Located 54 miles (87 km) outside of Seattle, WA, Mount Rainier National Park has been in existence for over one hundred years. The breathtaking views, a wealth of hiking trails, and an eventful history all make Mount Rainier National Park a world-renowned destination. The mountain itself towers 14,411 feet (close to 4400 m) above sea level and is the largest mountain in the Cascade Range. With a land area of 236,381 acres (960 sq. km), there’s something in the park for everyone.
Whether you’re planning to climb to the summit of Mt. Rainier, take photographs of the fragile alpine meadows, or just relax in a serene forest, below are some tips for camping in the national park:
Choose the Dates of Your Stay
The national park is open year-round, with the busiest season occurring in July-August. However, some areas of the park close in October-November and do not reopen until the summer. If you’re planning to visit in the winter, know that only the Nisqually Entrance is open to car access. Certain areas of the park receive in the upwards of 80-130 inches (203-330 cm) of precipitation a year, and it can be moist and cool even in the summertime. An annual snowfall total of 54 ft. (16.4 m) accumulates at the Paradise area of Mt. Rainier (elevation 5400 ft. / 1646 m), which leads to road closures during the winter.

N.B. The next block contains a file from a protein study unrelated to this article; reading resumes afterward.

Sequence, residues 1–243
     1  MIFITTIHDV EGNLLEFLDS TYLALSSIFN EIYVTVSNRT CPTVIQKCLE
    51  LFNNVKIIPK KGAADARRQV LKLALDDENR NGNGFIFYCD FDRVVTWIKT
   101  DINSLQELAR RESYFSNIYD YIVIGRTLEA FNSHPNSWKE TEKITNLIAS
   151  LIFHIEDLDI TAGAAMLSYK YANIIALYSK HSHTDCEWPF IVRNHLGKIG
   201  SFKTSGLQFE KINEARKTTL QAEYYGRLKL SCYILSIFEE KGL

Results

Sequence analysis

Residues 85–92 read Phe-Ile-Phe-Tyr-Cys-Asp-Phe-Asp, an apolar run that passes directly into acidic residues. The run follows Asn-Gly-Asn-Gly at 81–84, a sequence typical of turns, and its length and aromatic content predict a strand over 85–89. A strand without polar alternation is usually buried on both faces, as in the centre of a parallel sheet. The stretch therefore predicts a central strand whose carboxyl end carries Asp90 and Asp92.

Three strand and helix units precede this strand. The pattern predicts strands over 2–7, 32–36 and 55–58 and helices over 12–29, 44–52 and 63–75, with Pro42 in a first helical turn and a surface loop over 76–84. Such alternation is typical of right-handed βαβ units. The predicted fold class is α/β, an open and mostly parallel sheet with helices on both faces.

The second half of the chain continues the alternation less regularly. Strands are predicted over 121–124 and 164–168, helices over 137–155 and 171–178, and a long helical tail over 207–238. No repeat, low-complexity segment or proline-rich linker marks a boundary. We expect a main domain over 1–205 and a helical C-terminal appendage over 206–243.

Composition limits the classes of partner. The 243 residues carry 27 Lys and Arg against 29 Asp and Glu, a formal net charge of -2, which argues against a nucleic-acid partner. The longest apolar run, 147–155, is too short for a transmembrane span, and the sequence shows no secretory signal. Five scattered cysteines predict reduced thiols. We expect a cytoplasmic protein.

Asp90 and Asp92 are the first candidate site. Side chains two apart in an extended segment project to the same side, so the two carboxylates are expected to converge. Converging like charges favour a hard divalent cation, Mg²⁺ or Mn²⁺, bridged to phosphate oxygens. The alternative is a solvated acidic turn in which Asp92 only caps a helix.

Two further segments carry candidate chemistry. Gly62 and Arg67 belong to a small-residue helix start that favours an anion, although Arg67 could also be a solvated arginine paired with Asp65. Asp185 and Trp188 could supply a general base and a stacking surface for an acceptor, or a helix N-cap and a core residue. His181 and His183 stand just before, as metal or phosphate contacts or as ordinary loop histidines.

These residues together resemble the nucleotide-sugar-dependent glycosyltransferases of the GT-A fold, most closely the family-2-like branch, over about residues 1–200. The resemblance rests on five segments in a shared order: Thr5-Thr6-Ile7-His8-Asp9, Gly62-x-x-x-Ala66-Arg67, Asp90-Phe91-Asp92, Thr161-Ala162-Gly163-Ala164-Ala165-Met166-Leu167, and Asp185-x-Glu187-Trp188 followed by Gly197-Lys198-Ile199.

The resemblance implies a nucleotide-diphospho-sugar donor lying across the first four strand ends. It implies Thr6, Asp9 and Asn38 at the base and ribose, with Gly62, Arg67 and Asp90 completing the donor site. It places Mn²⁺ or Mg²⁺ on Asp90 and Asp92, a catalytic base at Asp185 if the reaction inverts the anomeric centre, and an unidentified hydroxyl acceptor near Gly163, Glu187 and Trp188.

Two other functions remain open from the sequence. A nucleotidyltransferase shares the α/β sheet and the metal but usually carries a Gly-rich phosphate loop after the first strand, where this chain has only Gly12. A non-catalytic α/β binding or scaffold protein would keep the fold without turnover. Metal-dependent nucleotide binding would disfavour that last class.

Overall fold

A park access fee must be paid upon entrance to the park. Individuals can buy an annual pass which grants unlimited access for one vehicle (non-commercial and less than 15 occupants) and its passengers for $50, or pay a “per person” walk-in fee of $10 which provides access to the park for seven consecutive days.
Choose a Campground
Mount Rainier National Park has four campgrounds (one in each corner of the park) with a combined total of 483 individual campsites. Cougar Rock and Ohanapecosh are open from late May-Sept., White River is open from late June-late Sept., and Mowich Lake is open from early June- early October. Reservations are accepted at Cougar Rock and Ohanapecosh.
While Mowich Lake campground does not allow car camping (only tents) and does not have potable water, the other three campgrounds include all the usual amenities of flushed toilets, drinking water, and fire grates to cook over. Individual campsites cost $20 per night, and if you’re staying with a group larger than 12 people, a onetime $60 group fee must be paid. A maximum stay of two weeks is allowed at any of the four campgrounds.
If you or your party run into an unexpected stretch of bad weather and decide to forgo camping altogether, lodging accommodations can be made at the National Park Inn or Paradise Inn. You can find out more information about visiting Mount Rainier National Park, such as planning for activities and FAQs, on the Mount Rainier pages of the National Park Service’s website: https://www.nps.gov/mora/index.htm.